“Show ’em whatcha got!” That was Jay-Z’s sample of Flava Flav, shouting at me from the Reitz Union breezeway.
This particular GatorNight didn’t have much.
There was a long queue for hot dogs, in contrast to everything I’ve seen regarding actual New York City hot dog carts. As I’m not much of a hot dog guy, I passed on that.
Someone named “Joe” was giving away custom spray can paintings, because nothing screams “big city life” like graffiti. A NY green screen photo op and street signs (I have no idea) rounded out the breezeway’s thin offerings.
The Grand Ballroom was taken over for “Drag Ball- Powder, Pearls & Pumps,” held in honor of Pride History Week. The idea, one of the event organizers said, was to recreate the party atmosphere of 80s gay culture. They nailed the array of disco lights, but even when the music started there wasn’t much dancing.
The Second Floor Screen
Watching Trainwreck, I was surprised that Amy Schumer and Judd Apatow hadn’t sooner collaborated; the irreverence of her script and starring performance felt a perfect match for the comedy director’s sensibilities.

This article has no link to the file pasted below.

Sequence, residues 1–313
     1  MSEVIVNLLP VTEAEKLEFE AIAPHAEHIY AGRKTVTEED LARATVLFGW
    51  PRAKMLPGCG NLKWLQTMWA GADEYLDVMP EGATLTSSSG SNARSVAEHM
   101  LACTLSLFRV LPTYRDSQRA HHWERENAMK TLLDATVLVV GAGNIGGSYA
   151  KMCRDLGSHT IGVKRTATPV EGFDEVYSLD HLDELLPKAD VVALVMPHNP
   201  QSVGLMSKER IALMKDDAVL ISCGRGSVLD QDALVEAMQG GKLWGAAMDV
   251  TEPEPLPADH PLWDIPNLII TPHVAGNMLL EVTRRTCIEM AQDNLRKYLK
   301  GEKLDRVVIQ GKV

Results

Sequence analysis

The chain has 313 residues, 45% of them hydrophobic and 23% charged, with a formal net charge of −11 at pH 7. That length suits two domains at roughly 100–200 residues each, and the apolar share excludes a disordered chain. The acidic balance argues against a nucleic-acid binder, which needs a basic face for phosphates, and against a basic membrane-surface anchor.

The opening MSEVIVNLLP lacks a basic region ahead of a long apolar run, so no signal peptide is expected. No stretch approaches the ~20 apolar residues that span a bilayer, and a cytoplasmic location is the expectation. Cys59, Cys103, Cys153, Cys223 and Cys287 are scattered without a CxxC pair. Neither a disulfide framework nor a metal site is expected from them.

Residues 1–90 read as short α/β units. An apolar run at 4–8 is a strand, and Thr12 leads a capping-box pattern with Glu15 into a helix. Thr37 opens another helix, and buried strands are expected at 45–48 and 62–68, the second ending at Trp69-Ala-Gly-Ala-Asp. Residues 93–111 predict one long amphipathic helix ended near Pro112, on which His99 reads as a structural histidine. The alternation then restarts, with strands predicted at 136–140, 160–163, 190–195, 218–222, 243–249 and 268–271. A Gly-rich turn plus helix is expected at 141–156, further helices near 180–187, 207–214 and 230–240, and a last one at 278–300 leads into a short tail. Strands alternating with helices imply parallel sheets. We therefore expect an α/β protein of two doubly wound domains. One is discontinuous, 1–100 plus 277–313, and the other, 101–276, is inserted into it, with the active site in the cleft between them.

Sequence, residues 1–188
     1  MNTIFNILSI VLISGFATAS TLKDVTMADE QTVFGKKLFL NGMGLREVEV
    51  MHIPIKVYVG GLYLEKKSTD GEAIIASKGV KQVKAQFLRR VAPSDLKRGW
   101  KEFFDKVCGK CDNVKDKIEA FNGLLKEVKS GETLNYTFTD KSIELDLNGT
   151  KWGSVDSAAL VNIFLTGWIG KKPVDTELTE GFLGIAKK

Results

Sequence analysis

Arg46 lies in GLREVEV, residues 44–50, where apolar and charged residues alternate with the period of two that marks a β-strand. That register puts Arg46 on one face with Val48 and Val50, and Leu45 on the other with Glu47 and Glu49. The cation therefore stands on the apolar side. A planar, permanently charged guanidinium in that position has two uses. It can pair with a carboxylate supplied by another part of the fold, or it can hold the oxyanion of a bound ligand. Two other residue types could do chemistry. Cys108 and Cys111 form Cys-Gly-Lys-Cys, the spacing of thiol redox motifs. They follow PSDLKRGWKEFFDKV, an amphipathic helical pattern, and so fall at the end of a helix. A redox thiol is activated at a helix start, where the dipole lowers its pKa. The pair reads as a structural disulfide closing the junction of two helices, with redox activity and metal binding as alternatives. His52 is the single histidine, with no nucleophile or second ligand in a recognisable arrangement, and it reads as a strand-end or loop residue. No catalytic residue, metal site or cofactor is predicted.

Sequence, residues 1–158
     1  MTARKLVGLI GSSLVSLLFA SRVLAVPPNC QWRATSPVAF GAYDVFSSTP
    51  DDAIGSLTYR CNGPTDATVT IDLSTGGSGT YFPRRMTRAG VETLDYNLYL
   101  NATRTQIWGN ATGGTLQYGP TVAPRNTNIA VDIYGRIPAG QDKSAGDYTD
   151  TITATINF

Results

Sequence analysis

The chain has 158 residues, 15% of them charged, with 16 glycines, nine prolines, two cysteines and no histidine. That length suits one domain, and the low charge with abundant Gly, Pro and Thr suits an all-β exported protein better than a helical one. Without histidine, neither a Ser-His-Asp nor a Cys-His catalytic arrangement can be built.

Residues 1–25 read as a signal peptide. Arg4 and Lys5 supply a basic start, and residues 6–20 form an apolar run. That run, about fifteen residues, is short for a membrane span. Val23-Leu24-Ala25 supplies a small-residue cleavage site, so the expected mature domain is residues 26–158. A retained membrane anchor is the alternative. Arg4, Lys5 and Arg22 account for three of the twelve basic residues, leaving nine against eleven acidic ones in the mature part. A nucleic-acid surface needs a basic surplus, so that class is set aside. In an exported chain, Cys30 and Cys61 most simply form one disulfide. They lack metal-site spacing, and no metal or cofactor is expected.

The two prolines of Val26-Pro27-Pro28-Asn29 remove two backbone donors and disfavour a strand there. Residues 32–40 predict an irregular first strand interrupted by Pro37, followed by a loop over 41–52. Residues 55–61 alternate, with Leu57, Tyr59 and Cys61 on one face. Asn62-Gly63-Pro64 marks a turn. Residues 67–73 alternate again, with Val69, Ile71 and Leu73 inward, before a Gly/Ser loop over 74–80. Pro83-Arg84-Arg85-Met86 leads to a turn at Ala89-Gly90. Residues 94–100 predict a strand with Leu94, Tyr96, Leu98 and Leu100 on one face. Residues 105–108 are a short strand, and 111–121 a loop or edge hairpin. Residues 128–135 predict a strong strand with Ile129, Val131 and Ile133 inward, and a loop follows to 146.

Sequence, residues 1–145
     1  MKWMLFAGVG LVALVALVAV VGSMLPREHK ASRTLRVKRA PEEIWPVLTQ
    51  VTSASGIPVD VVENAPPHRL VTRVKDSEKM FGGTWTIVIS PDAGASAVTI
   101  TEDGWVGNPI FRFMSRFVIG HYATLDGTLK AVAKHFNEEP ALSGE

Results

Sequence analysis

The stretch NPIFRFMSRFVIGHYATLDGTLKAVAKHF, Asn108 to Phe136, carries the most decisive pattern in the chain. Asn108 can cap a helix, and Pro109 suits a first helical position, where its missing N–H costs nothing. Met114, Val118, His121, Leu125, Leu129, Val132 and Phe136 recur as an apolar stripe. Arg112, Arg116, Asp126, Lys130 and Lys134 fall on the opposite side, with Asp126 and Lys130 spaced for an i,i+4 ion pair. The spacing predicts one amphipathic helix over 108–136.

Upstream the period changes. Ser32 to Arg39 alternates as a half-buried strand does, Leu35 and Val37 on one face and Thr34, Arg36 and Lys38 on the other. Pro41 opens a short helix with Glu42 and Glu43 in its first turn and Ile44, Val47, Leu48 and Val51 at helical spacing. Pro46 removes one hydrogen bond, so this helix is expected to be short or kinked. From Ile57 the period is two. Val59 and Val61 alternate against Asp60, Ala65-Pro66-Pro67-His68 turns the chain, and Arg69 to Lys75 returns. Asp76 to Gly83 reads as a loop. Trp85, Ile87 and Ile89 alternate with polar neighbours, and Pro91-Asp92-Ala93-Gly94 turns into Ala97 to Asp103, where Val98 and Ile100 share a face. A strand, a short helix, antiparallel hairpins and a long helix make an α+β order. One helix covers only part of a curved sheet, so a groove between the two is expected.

If anything keeps the film bobbing above water when so many romantic comedies drown, it’s the fundamental sincerity embedded in most of Apatow’s movies; from the script to the performances (with wrestler-turned-Internet-joke John Cena and basketball star LeBron James as surprise scene-stealers), Trainwreck treats its characters’ relationships with disarming gentleness, for all the crassness of some of the dialogue. It’s rare, these days, to see a rom-com during which one wants to see the characters end up together, and in this Trainwreck succeeds. A personal highlight: the kind of laughs Bill Hader can earn just with the word “No.”